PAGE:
The bad part is that you have to pay everyone. [Laughs] But, in all seriousness, you can all lose money together, collectively, but again, you’re all together for the same reason: the music and the recording. It’s great because they were neither money hounds nor would they work for free, and we could all meet in the middle. They were all willing to work with me on everything beyond getting paid, the music and recording process, too, so that’s nice. It has been great to be able to build up a rapport working with the same people for years because you discover everything that works, but also everything that might aggravate you musically, and then build on things and add unknown depths and dynamics. I feel like I’m getting the best of both worlds for this project and feel they want to play in my band, which is really important. I’m lucky to be in this precocious situation.

Apart from working with musicians and not just as a solo singer-songwriter, what were some of the other major musical differences you experienced in recording Prison Boxing compared to your last album Signal Flare?

Signal Flare had more people recording on it than Prison Boxing did, but none of the same people recorded in the same place or at the same time. Signal Flare was the most inefficient record, like being in a different world. However, the biggest difference with Prison Boxing was the inclusion of drums and bass in every song. A lot of it was the product of me becoming fascinated with instruments and not really knowing anything about them. It was a three- to four-year process for me, learning how to be in a rock band and communicating that with someone. It also had a lot to do with having played dismal shows as a solo act; if you play alone, there are two types of venues that can be cool. As a solo act, you can both perform in a house and get that intimate feeling where listeners hang on every word, or you can perform in an enormous place where people are sitting down and paying very close attention. Everywhere else just sucks to play in alone. It’s terrible, because you’re like an “agoro-phied” liquor salesman, and if [listeners] are unfamiliar with your music they chat. What’s worse is that whatever subtle musical thing you worked on doesn’t translate when you’re a solo act, but a refined rock act is a mighty thing that you can’t ignore.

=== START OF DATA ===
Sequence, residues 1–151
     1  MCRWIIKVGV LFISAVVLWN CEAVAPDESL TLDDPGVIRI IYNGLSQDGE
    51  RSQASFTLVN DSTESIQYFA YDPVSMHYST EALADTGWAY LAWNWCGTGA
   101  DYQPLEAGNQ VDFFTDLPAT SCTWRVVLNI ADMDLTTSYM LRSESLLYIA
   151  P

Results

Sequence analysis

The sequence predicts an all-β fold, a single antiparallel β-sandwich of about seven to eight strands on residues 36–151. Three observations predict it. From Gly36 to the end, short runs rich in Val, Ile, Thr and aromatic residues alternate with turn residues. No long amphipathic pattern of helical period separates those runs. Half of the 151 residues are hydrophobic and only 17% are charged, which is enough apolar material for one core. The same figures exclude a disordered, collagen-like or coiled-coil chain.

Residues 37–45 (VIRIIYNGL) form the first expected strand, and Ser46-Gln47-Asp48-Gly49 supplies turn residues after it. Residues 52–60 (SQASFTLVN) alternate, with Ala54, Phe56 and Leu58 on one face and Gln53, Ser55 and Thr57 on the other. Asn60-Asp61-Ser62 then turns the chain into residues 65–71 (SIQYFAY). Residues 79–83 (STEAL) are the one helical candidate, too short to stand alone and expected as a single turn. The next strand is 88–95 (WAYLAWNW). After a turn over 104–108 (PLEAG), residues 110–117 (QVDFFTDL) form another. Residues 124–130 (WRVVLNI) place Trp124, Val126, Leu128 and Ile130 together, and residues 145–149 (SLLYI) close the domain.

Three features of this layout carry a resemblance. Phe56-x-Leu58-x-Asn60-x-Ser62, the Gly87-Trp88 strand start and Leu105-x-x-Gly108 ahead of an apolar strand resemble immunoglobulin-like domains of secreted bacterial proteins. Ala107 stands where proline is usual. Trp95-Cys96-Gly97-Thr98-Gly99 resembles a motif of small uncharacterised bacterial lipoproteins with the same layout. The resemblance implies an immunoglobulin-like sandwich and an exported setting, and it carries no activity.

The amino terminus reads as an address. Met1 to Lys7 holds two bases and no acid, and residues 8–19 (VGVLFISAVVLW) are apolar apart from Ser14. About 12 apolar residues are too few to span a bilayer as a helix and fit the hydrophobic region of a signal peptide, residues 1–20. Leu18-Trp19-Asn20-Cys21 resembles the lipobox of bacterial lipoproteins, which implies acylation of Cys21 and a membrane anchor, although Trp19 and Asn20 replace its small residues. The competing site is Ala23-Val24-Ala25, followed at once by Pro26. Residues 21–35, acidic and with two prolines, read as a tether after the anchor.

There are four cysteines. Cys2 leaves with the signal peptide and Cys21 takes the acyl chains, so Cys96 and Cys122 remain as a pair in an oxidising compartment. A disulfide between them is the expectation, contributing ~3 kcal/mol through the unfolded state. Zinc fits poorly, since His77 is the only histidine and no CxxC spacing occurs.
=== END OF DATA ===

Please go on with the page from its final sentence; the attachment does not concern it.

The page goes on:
Can you talk a bit more about the idea of creating a band and performing as a rock band? How has that changed your creative process?

The process has changed between albums. I got bored with playing guitar—I had been playing for about 10 years, so it made sense that I got bored. What I’m doing now and what began with the recording of Prison Boxing was listening to that little voice inside of me saying different things about melodies or phrases or lyrics that just jump out. Starting from that I’d move to chord structure, but I could never tie it to a rhythm instrument. Just working with drums and bass makes it different, but it didn’t change how I write my songs too much. My writing process is lyrics and melody at the same time. I think about the way a phrase sounds, and phonetic quality is extremely important. For me, I start with melody and phonetics, the sound of the words, which, I don’t know…it just works for me. Sometimes there will be some lyrics that get thrown out the window; that’s just what my brain presents to me. | Jenn Metzler